Tuesday, December 4, 2012

EU, ICIMOD launch €11 million Rural Livelihood, Climate Change Adaptation Programme

The European Union (EU) and the International Centre for Integrated Mountain Development (ICIMOD) today signed a €11 million agreement for livelihood development and mitigation of climate change impacts through adaptation.
Spanning the Hindu Kush-Himalayan (HKH) mountain region – over eight countries: Afghanistan, Bangladesh, Bhutan, China, India, Myanmar, Pakistan, and Nepal with interconnected mountain ranges and plateaus, extending for more than 3,500 km. Glaciers alone cover an area of 60,000 km2 – this programme will have contribution of €10,000,000 from the EU. The region is the world's 'roof' and 'water tower'.
The Himalayas are the highest mountain range in the world and represent the world's greatest extent and volume of permanent ice and permafrost outside the Polar Regions, feeding into 10 major river basins. Together, these rivers contribute to the fresh water supply of an estimated 1.4 billion people.
Over the years changing climate patterns have negatively impacted the lives of people in this region.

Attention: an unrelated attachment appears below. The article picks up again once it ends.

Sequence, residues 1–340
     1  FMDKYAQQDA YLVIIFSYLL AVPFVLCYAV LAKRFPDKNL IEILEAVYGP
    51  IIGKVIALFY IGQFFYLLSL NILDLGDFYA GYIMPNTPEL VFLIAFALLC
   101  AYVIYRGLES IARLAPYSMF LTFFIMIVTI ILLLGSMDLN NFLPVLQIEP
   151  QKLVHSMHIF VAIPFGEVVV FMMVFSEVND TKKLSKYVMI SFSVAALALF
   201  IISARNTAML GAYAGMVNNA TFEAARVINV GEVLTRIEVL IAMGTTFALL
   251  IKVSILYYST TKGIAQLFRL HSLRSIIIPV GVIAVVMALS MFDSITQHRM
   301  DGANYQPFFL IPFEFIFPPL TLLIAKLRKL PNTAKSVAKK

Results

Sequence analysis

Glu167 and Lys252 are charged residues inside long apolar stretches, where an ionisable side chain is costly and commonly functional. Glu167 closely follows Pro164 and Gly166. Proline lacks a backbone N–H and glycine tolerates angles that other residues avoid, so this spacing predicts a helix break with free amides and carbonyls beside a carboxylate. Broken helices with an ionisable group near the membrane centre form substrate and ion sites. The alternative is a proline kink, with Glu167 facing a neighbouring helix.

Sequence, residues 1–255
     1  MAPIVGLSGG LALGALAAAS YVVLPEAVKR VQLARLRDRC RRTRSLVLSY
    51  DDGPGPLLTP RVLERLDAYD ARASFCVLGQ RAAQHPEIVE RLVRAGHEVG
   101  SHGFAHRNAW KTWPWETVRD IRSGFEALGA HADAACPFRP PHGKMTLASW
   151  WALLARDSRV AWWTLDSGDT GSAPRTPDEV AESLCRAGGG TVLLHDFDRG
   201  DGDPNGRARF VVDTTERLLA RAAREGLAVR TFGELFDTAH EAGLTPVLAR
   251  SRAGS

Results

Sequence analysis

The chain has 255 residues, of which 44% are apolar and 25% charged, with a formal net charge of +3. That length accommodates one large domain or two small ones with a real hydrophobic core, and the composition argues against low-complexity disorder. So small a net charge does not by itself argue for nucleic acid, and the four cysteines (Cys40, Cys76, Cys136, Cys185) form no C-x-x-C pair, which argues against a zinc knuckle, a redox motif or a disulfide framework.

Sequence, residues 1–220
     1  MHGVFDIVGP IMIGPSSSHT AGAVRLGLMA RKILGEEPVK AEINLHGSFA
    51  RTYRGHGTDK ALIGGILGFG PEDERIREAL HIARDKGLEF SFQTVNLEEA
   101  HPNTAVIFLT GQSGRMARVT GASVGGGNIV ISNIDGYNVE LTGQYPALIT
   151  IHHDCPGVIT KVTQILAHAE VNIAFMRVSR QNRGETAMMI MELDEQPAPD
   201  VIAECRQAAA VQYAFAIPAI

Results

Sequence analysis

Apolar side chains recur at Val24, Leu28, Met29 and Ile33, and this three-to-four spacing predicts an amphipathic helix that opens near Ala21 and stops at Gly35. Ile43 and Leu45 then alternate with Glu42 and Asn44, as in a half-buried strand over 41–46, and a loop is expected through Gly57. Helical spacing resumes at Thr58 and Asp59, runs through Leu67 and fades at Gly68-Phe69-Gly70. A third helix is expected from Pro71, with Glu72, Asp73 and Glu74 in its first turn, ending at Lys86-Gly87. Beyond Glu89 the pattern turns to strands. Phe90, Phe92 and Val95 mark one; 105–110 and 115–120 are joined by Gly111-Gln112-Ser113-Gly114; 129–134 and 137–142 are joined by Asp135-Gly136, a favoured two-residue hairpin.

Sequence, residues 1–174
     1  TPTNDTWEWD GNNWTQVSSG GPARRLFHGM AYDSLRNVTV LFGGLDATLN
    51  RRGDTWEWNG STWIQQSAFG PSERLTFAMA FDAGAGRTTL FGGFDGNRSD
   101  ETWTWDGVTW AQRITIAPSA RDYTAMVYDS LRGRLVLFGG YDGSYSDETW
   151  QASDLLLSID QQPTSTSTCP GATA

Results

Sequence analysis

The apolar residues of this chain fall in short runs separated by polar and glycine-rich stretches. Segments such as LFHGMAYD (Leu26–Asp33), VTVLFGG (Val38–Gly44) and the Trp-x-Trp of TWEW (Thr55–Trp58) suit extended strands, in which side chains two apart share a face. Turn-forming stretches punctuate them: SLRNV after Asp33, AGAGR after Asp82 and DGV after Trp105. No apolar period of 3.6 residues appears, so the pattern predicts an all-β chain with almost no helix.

Glaciers are receding, permafrost retreats, snow melt induces changed river flows, and ecosystems are altering. There is an increased frequency and duration of extreme climatic events, causing more frequent and severe natural disasters. These factors aggravate erosion, land degradation, decline in soil fertility and crop yields. The capacity of mountain people to deal with these growing stresses is limited, and the incidence of poverty too is growing.
The EU and ICIMOD programme which starts in 2013, aims at using natural resources in a more sustainable, efficient way and protect the environment. This objective will be achieved by enhancement of the knowledge base on Himalayan ecosystems and ecosystem services; raising awareness on the effects of environmental degradation, climate change and adaptation; strengthening collaborative action research in the region; and building capacity in higher education, training institutions and civil society across the HKH region to scale up best practice for improved resilience to climate change.
Pilot activities, which the very pivot of this programme, will focus on livelihood opportunities and sustainable management of natural resources, including promotion and development of pro-poor value chains of mountain products and services and the use of ecosystem services such as landscape and biodiversity for recreational and cultural activities with direct community involvement and benefit.

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